Thursday 31 December 2020

2020: My Year in Reading—A Retrospect

“Read!” is the number one tip I give aspiring writers, and, in 2020, I managed to follow my own advice. With our social lives non-existent, this year was a good year to escape into a great book, and I hit my goal of reading 50.

For the full list, check out my Goodreads profile. I read 43 novels to seven works of non-fiction and 42 books by women to eight books by men. And 11 of the books were by authors of colour.

In this post, I’m not going to summarise everything, but to highlight some of the best—the books that have stood out most to me from the year.

Favourite Fiction

It was so tough to choose my favourite reads of 2020, as different books are great for different moods. But there were three that I’ve been raving about to anyone who will listen. 

Mary Toft; Or, The Rabbit Queen, by Dexter Palmer is the novel I would recommend to everyone, despite its slightly strange synopsis. The book is based on the true story of an eighteenth-century Englishwoman who claimed to be giving birth to butchered rabbits. But it’s so much more than that. A book about fake news, the nature of truth, and the dangers of partisan hysteria, this piece of historical fiction couldn’t have felt more 2020.

I also couldn’t go without mentioning The Mirror and the Light, the third novel in Hilary Mantel’s trilogy on Thomas Cromwell. Mantel is probably the best living historical novelist and the final book in the series more than delivers.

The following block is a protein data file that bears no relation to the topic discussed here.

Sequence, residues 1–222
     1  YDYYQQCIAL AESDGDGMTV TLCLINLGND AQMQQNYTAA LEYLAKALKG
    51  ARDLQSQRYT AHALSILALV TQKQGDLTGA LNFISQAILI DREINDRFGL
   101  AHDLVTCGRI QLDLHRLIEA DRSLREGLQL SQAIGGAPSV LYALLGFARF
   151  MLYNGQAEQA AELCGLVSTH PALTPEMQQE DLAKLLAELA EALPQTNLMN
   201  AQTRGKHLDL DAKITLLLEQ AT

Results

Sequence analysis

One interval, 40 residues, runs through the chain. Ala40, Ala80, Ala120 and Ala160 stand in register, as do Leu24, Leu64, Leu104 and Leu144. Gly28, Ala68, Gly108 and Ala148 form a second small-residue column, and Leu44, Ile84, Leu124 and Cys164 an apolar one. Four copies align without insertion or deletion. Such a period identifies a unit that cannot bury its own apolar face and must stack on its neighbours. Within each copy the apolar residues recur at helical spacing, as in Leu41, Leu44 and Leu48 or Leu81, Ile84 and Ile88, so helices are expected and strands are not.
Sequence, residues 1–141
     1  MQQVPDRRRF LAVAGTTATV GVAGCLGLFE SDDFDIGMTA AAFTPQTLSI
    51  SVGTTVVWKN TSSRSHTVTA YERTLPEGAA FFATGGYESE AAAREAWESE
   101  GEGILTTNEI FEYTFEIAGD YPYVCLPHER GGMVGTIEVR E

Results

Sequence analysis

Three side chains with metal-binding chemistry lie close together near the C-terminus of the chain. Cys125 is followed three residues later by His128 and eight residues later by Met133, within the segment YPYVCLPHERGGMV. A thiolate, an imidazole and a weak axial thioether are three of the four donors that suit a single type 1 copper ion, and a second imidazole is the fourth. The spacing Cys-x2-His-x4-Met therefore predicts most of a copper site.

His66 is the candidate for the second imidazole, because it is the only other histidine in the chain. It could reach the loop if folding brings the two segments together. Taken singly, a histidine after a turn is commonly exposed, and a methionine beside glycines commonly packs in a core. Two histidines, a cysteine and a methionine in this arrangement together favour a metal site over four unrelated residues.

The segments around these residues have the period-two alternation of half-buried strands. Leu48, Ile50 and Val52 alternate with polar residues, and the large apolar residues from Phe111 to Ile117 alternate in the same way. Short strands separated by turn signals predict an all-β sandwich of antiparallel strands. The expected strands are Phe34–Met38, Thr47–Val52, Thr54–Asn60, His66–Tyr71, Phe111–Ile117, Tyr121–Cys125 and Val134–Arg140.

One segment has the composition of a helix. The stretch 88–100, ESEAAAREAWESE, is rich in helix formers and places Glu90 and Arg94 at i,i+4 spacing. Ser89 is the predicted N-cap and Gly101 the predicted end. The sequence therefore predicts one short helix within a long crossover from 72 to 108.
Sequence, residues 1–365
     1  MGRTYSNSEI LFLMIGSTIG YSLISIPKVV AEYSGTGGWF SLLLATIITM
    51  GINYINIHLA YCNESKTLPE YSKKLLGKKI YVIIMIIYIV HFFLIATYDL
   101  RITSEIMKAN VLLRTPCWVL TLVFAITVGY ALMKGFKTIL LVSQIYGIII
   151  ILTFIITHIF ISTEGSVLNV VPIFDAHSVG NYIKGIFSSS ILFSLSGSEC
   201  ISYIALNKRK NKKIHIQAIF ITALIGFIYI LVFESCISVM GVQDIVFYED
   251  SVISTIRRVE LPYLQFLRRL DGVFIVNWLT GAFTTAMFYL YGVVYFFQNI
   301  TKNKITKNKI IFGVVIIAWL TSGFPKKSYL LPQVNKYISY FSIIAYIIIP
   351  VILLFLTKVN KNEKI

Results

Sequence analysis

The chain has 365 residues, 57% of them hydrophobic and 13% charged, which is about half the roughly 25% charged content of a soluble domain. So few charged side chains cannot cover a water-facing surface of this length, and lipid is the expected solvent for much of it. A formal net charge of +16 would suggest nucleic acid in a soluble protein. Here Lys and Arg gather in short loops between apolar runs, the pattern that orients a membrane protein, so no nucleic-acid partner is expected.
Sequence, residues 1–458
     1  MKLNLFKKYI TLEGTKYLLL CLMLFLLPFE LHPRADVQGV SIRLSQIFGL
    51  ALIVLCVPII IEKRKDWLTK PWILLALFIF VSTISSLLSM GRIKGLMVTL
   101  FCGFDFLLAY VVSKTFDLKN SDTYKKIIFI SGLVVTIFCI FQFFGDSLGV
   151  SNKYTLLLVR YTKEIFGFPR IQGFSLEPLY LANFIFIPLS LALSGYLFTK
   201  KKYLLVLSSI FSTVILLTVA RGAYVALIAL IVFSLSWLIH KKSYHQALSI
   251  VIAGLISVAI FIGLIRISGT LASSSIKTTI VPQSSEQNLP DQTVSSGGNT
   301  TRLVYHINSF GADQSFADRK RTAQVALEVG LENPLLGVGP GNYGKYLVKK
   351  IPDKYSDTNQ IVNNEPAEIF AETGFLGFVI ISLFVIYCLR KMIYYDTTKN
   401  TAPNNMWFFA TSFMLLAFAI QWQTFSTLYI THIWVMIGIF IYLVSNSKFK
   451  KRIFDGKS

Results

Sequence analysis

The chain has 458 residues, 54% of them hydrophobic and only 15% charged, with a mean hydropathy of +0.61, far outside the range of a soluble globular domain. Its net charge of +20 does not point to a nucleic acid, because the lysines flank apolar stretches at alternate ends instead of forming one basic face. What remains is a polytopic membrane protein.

I’ve been reading lots of books set during the French Revolution (check out a recent summary here), and Edward Carey’s Little, an imaginative look at the childhood of famous waxwork artist Madame Tussaud, is a standout. Like Dexter’s novel, this one isn’t for the squeamish, with Carey’s own illustrations bringing a visual dimension to a lively, gruesome, and original novel.

Non-Fiction Favourite

As you can see from my stats, I read much more fiction than non-fiction, but I did read some great non-fiction this year, on everything from ballet to millennial politicians, and Napoleon’s mistresses to Queen Victoria.

My favourite non-fiction read was, unsurprisingly, one of the most fiction-related—How the French Invented Love, by Marilyn Yalom. This book takes readers on a whirlwind tour through French literary history, charting how the country and its capital have become synonymous with romantic love.

Top Nineteenth-Century Read

I didn’t read as many books as usual this year actually written during the nineteenth century, probably because the publication of my own debut novel, Bronte’s Mistress, brought me into contact with so many talented living authors.

My top pick of those I did read is decadent novel The Marquise de Sade, by Rachilde. Check out my full review here and venture into this scandalous story of late nineteenth-century depravity if you dare.

Top Neo-Victorian Voices Read

I also continued to review books set in the nineteenth century, but written in the twenty-first, for my Neo-Victorian Voices series. Of those I blogged about this year, The Confessions of Frannie Langton, by Sara Collins was my favourite. The story of a woman formerly enslaved on a Jamaican sugar plantation and now on trial for her London employers’ murders, this book is written in a compelling first person.